Several of the others, by a preponderance of the evidence, I can take to about 99% certainty. That means, for all intents and purposes, it's a done deal, but I don't have that smoking gun I have in the previous instance. In a few cases, I have what you might call a "warm gun." It's not actually smoking, but it might as well be. Example? Again, with another of Abby's poems, which was claimed by a male publisher, the poet describes dancing around among the streams and flowers. Well, if Mr. Publisher wants us to believe he hops around among the streams and flowers, okay, but he's not gay and it's probably very, very unlikely. So that's what I call a "warm gun" as opposed to a smoking gun. In another instance, a travelogue writer says he saw a "Boston boy" perform in Rochester, NY. Long story, but the gist of it is, the man who claimed to have written this travelogue was, himself, the "Boston boy." He could not have seen himself perform. It was just a matter of proving that the claimant did, in fact, perform during this time, in Rochester. I finally found it--Frederick Douglass saw him there. Now, Mathew Franklin Whittier was a radical Abolitionist, using that travelogue to communicate, as I gather, with the other agents of William Lloyd Garrison. This was just before Douglass and Garrison had a falling out. So Mathew would have attended the concert, in Rochester, with Douglass; except, based on a brief comment Douglass made (this is in his own newspaper), they weren't permitted to sit together. Still, Douglass attended both nights; and that's because Mathew was traveling with the entertainer.

It's not quite as strong as a personal letter in which Mathew says, "I wrote that travelogue," but it's pretty close. And again, we can count out the guy who claimed it.

I was able to take most of the 11 thefts that close. Remember, I have been researching this case for seven years, now.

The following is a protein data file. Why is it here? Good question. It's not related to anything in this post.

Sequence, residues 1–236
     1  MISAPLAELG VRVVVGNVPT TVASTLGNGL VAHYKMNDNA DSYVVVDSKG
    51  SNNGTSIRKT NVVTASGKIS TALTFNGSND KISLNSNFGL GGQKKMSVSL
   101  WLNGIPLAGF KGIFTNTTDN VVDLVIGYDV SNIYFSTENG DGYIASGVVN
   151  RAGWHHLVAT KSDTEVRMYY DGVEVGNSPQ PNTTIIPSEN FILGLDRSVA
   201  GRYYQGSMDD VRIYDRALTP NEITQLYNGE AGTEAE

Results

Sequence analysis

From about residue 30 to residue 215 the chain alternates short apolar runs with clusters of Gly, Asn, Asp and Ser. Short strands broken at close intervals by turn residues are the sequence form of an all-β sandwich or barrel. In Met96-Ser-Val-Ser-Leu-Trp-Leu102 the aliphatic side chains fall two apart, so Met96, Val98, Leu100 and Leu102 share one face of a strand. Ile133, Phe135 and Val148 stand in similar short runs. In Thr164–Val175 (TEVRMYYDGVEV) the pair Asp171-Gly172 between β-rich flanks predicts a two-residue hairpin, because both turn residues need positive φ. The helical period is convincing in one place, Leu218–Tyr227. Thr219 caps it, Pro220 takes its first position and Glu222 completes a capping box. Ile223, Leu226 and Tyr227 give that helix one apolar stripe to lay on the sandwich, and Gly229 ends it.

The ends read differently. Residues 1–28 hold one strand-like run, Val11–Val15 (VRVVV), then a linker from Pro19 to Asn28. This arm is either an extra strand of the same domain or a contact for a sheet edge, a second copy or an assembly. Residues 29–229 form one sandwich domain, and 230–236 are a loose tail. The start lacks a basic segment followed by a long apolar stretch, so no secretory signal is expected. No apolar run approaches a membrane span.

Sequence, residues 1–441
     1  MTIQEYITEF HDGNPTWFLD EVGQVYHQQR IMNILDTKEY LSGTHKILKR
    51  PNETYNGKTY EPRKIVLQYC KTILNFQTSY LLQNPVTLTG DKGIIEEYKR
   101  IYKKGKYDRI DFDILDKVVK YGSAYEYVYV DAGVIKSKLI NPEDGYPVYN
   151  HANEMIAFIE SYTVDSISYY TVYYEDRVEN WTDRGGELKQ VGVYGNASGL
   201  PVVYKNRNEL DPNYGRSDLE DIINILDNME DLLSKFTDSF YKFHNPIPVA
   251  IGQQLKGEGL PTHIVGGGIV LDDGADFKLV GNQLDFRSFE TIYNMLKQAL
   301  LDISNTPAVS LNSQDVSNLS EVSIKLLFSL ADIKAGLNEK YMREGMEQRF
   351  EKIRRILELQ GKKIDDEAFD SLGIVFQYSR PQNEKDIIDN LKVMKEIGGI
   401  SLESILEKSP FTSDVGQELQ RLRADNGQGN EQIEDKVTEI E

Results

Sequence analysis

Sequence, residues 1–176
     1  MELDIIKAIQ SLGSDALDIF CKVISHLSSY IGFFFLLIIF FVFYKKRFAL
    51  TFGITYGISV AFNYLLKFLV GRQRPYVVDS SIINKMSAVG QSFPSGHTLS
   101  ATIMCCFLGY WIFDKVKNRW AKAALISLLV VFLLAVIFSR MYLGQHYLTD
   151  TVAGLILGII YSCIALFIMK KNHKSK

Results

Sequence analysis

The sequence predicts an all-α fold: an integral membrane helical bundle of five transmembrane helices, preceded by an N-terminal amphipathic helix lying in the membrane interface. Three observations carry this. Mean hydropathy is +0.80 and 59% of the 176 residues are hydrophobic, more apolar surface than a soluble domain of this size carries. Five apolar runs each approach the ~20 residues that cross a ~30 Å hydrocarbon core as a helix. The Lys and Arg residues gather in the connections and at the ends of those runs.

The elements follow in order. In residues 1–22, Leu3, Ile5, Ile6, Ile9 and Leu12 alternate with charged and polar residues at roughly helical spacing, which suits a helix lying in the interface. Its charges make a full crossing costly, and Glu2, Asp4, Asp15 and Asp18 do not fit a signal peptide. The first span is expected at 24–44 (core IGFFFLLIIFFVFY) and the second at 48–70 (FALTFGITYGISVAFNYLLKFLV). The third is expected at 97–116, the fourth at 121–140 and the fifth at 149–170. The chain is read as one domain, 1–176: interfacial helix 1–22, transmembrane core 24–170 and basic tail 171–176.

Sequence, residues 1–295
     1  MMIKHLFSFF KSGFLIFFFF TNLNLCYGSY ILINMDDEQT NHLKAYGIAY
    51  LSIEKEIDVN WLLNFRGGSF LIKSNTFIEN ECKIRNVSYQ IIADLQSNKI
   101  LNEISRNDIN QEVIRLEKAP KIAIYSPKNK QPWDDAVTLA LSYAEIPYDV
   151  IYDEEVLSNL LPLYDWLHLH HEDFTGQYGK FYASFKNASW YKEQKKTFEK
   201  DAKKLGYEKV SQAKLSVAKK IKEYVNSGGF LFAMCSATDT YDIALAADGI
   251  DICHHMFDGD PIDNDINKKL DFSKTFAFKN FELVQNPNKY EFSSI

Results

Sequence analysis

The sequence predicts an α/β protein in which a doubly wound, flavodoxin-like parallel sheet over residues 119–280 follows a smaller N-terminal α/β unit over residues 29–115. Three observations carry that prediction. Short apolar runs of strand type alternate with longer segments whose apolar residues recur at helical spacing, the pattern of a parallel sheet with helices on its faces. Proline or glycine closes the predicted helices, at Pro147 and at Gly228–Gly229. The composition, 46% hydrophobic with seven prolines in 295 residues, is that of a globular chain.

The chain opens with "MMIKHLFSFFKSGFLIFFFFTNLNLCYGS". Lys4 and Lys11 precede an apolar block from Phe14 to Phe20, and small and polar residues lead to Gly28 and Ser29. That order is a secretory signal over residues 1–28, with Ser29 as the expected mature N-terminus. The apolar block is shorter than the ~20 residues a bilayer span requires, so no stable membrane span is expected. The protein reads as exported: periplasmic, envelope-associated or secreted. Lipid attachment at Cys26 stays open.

When I catch re-runs of the TV show, "Bones," I keep thinking, "The sophistication of my own research is really not less than what they portray on that show." Even though I have no "blood and guts," one would think that people who like detective work, would be interested. That is, unless they're scared that I've really done my homework--which I have.

The discovery I ran into today involves one of the most popular parodies of "The Raven" ever written. I can take it to about 99% certainty that Mathew was the original author. Since Mathew's version precedes this one, there's little question that this wasn't the original, even though it is cited as such in a late-19th century compilation.

Well, I think it's fascinating. I have found over 600 of Mathew's published works, now; and that doesn't count quite a few I'm not as sure about. No doubt I don't have them all. But there's a body of really exceptional work, there. I'll say it again; Mathew was a dark planet circling the 19th century literary solar system. Because he kept himself hidden, people would claim his work for themselves, and several of them launched their careers doing that. Nobody has any idea the degree of influence he wielded, but I can prove it. And I'm not being sloppy.

Best regards,

Stephen Sakellarios, M.S.

*This in itself is evidential, because when I first read a few examples of Mathew's work, I had that immediate impression, i.e., that he embedded far more of his personal history in them, in a sort of code, than anybody would ever guess. This was when I had four or five examples; it was borne out in spades by the time I had collected over 600.

**I actually am writing up Mathew and Abby's courtship and marriage as a novel, but I doubt I'll ever publish it as it is, because a disproportionate number of my memories are sexual (not surprising, given that one tends to remember the most emotionally intense experiences). At least one of those memories has to stay in, however, because it was one of the two most strongly evidential in the entire study.